Understanding Resources

A recent report from The Princes Trust, Down But Not Out, shows that young entrepreneurs feel like they need more information with regards to finding opportunities, support and guidance, particularly when just starting their own businesses.

When you look at youth entrepreneurship at the moment, particularly in the UK, it can be argued that there is a lot of support available. However, when you look deeper into this, it seems that the majority of the support is financial, taking the form of low interest loans. Yet, without sufficient support in the form of mentoring and information on how to manage the resources that they already have, the money given out via loans is only part of the solution. It is therefore important that when starting a business you know what resources you already have, and can utilise them in the best possible way.

Here are the top 3 resources young people have at their fingertips when starting their own business.

  • Personal skill set: It sounds strange, but often when you’re so focused on one thing (i.e the business) you tend to forget about all of the other things that you have done over the years and the skills that you have built up. Every short course, summer program or hobby has pushed you into this direction. Making lists or creating mind maps of things you enjoy and are good at is a really great way to identify these skills. They don’t even have to be relevant at this stage, but you do need to realise that they are there for future reference.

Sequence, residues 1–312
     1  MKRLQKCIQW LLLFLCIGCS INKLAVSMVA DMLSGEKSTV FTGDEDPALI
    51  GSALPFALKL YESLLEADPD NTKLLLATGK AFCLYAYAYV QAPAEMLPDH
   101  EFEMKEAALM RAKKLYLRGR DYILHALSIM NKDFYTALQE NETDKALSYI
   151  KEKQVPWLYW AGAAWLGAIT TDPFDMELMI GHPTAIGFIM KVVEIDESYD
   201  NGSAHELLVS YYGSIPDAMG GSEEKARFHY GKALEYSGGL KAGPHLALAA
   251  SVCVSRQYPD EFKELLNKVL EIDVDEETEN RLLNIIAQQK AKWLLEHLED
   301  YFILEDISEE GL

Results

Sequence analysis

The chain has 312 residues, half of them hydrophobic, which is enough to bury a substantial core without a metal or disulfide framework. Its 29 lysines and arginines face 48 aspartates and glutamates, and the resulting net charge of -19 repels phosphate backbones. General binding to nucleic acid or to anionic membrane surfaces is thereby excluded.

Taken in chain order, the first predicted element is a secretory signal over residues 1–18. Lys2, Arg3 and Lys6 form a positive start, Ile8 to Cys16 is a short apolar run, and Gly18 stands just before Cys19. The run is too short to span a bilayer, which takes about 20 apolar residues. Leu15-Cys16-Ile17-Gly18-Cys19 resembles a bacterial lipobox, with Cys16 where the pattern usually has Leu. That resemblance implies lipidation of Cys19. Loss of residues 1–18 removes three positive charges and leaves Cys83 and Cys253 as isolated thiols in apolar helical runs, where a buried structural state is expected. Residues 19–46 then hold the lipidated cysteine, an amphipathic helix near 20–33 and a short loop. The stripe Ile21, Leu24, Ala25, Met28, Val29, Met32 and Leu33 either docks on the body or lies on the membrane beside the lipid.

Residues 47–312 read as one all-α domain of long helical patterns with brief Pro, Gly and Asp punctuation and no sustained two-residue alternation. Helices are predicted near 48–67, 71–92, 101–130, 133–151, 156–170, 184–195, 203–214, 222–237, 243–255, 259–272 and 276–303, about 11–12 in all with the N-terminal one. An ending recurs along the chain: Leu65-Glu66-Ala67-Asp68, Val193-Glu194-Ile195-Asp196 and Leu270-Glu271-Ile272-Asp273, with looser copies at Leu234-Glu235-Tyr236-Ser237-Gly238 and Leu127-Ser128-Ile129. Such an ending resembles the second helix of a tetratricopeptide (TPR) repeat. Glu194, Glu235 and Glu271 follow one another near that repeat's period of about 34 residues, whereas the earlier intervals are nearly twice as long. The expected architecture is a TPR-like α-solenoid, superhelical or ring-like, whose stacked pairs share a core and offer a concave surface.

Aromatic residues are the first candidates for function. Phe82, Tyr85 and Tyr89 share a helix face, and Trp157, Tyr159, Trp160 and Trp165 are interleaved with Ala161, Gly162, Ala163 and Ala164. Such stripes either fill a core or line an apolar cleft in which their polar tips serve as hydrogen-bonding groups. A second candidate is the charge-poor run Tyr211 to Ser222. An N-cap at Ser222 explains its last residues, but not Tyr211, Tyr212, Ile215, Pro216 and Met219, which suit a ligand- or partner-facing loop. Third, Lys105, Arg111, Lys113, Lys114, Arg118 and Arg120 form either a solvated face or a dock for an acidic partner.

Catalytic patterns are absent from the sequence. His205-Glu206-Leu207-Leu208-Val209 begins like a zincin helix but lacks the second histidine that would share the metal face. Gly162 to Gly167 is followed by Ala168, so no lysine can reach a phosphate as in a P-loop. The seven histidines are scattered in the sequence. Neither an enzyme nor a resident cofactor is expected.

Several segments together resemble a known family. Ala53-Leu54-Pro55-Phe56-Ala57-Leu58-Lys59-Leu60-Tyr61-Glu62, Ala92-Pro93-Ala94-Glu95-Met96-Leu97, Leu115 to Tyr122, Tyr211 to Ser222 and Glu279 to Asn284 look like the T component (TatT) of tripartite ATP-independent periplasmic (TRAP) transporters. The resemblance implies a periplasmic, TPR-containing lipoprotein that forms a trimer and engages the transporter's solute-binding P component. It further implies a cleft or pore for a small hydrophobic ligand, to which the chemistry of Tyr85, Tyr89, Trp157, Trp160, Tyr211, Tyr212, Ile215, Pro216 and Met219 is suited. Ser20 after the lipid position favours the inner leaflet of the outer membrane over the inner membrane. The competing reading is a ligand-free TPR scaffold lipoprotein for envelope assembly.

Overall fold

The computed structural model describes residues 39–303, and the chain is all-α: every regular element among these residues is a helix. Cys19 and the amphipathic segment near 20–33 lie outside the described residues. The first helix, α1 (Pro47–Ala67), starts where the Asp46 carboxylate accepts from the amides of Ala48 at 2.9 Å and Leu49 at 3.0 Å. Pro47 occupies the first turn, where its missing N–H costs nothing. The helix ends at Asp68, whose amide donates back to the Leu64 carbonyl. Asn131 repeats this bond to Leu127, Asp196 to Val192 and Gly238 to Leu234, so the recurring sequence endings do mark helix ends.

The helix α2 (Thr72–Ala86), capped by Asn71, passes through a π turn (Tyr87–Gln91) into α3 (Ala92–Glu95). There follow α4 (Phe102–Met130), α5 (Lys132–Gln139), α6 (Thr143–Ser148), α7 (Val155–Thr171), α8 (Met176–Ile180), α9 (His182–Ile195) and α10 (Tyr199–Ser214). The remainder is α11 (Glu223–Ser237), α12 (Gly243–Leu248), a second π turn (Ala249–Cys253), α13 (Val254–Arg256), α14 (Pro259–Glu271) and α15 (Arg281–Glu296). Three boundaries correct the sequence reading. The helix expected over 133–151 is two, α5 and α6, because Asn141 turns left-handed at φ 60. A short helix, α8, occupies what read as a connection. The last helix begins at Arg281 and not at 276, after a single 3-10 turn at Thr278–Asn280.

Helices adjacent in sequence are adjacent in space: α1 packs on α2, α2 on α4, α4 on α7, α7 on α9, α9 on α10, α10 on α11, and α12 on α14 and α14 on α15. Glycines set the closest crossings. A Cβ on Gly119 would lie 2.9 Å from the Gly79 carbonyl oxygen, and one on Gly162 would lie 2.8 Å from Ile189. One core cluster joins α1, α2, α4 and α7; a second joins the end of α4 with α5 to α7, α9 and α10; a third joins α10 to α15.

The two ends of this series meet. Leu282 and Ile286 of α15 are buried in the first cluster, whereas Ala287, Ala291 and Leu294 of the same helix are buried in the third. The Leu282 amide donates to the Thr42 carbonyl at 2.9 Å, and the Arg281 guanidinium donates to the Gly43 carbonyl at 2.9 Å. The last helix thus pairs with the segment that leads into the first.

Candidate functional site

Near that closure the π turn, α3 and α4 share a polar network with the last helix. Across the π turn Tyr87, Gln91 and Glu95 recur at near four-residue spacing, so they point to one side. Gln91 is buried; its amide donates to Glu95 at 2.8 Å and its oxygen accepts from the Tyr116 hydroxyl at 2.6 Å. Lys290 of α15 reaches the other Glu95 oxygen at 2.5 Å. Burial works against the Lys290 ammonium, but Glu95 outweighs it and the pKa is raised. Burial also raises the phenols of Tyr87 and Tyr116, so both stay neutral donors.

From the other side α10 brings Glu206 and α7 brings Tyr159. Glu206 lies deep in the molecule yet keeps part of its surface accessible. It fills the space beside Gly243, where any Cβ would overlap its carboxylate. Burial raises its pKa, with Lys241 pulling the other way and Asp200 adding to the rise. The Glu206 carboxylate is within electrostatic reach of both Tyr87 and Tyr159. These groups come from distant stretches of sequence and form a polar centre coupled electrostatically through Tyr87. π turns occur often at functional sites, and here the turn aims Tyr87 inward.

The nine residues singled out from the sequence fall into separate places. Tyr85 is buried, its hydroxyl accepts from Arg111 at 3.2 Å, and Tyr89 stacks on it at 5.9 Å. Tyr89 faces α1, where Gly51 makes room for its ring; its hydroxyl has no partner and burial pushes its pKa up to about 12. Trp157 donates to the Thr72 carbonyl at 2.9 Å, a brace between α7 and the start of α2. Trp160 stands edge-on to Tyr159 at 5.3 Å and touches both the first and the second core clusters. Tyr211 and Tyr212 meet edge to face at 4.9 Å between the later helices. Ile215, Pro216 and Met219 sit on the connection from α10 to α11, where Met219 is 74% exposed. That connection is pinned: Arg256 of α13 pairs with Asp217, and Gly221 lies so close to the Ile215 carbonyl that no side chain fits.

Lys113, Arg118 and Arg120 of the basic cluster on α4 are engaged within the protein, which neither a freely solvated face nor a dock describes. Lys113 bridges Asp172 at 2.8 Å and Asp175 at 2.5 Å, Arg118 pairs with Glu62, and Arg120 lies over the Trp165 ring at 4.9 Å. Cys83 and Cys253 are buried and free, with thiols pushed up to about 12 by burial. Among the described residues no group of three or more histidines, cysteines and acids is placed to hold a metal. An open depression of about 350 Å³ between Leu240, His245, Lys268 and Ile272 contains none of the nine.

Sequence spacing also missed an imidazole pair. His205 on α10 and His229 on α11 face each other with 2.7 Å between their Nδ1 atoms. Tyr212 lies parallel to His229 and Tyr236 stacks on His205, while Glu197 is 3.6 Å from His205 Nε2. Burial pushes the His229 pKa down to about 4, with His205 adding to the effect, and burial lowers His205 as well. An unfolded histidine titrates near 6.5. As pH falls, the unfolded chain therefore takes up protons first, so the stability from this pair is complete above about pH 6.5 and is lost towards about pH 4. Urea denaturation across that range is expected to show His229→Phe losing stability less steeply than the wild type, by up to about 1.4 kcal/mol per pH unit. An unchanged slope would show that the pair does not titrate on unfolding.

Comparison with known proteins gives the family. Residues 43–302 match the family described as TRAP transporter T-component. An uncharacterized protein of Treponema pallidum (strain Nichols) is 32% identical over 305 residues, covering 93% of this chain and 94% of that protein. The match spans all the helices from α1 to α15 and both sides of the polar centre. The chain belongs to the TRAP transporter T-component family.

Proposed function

• Contacts: It’s true, the older that you get the more contacts that you have. However, even from a young age, you are making contacts in different industries and meeting people with different skill sets. By writing down a list of everyone that you know and there key competencies (as you understand them), you could move ever closer to finding someone to talk to that specialises in a specific aspect of your business. Discussing things and exploring new ideas can leave you energised and inspired. Both traits that you need when starting up!
  • Internet Access: Most of the world has internet access and by utilising it in the right way you can build up all sorts, from communities to businesses. By doing your research and finding the right tools to help you get where you want to go, you can increase your reach and your sales. Be prepared to try lots of different avenues to build up your success though, and don’t give up. Sometimes a little patience goes a long way. Also, remember, it’s a great place to learn and fill in the gaps in your knowledge. Nobody expects you to know everything, but taking the time to understand key issues for your business will put you in a much better position and help you to make informed decisions.